Former Secretary of State Hillary Clinton has resurrected an old debate concerning U.S. policy toward Cuba by calling for the 52-year-old embargo against the communist island to be lifted.

Clinton's new memoir, Hard Choices, reveals that Clinton advised President Obama to lift the embargo. "Since 1960, the United States had maintained an embargo against the island in hopes of squeezing [Fidel] Castro from power, but it only succeeded in giving him a foil to blame for Cuba's economic woes," Clinton writes.

The U.S. has eased economic sanctions against Cuba in recent years. President Obama lifted certain travel restrictions in 2009, allowing family members to visit and send remittances to the country. Tourism is still prohibited because the Cuban military operates the country's lucrative tourism industry, but “educational” trips serve much the same purpose.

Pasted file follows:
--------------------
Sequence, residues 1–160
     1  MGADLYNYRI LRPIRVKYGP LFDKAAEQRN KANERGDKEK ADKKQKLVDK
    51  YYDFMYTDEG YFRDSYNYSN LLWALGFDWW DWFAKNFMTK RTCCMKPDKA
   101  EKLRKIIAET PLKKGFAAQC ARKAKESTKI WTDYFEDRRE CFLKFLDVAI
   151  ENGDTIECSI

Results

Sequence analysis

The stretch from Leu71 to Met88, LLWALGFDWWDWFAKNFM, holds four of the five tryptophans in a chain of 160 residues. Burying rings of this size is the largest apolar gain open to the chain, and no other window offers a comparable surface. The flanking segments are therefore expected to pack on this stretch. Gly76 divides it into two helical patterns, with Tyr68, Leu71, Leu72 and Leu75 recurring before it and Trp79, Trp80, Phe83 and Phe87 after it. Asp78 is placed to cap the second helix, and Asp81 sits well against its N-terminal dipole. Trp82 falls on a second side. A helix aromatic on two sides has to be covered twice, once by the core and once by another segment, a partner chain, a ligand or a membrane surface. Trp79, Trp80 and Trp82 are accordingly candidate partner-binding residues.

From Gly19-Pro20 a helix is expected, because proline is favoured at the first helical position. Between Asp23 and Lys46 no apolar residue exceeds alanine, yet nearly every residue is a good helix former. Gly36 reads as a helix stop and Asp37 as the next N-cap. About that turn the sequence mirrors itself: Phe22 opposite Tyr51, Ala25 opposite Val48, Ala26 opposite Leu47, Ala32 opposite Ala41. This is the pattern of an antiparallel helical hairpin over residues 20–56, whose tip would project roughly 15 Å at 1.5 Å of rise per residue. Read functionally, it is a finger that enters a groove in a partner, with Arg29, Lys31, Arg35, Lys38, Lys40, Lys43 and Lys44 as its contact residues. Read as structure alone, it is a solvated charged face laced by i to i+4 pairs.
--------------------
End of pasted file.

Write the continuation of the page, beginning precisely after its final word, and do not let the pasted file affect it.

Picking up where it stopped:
While these gradual changes have met little resistance, supporters of the embargo contend that its unilateral removal would fritter away one of the United State's few bargaining chips with the Cuban regime. “Instead of strengthening [Cuban President Raul Castro] by lifting the embargo now, we should keep our powder dry and use it to strengthen democracy and influence his successor,” Marc Theissen said in 2008.

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